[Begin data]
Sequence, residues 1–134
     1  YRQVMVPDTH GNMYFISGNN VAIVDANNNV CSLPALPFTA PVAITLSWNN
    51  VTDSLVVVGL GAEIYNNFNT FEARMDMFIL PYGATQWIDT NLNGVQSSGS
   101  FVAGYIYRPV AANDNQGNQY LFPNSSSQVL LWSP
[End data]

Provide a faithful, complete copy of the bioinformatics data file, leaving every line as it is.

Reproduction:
Sequence, residues 1–134
     1  YRQVMVPDTH GNMYFISGNN VAIVDANNNV CSLPALPFTA PVAITLSWNN
    51  VTDSLVVVGL GAEIYNNFNT FEARMDMFIL PYGATQWIDT NLNGVQSSGS
   101  FVAGYIYRPV AANDNQGNQY LFPNSSSQVL LWSP